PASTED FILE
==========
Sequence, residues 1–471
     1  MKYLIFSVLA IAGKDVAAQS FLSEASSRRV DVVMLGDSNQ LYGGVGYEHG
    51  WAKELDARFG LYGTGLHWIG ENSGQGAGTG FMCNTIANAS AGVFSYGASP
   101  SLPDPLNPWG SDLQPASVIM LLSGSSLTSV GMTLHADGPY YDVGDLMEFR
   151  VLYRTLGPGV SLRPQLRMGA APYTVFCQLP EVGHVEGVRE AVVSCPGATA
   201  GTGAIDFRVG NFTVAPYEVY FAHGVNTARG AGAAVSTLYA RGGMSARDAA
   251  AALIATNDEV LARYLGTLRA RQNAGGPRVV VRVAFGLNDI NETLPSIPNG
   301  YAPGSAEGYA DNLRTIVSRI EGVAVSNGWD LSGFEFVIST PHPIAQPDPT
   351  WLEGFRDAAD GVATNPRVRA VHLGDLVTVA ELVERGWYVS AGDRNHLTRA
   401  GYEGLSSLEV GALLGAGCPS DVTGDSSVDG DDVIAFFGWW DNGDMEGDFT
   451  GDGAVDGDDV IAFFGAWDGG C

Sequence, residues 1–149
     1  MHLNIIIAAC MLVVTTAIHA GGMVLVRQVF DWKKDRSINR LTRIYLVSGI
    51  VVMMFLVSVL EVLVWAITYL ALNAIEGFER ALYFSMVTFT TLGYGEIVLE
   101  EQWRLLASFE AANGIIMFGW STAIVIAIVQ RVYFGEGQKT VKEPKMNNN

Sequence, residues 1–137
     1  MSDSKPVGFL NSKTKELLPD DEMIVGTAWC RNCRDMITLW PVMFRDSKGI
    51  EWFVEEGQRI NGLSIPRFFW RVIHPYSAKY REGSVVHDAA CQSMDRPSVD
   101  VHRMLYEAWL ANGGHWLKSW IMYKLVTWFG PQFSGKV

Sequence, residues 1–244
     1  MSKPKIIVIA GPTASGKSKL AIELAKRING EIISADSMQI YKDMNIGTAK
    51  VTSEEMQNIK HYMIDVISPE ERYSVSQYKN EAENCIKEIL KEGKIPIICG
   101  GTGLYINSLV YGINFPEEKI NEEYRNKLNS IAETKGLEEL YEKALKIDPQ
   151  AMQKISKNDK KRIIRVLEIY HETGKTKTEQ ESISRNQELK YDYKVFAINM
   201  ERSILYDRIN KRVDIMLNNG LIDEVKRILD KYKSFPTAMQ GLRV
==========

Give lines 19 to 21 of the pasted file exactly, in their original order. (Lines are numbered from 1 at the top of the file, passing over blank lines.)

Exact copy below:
   101  VHRMLYEAWL ANGGHWLKSW IMYKLVTWFG PQFSGKV

Sequence, residues 1–244
     1  MSKPKIIVIA GPTASGKSKL AIELAKRING EIISADSMQI YKDMNIGTAK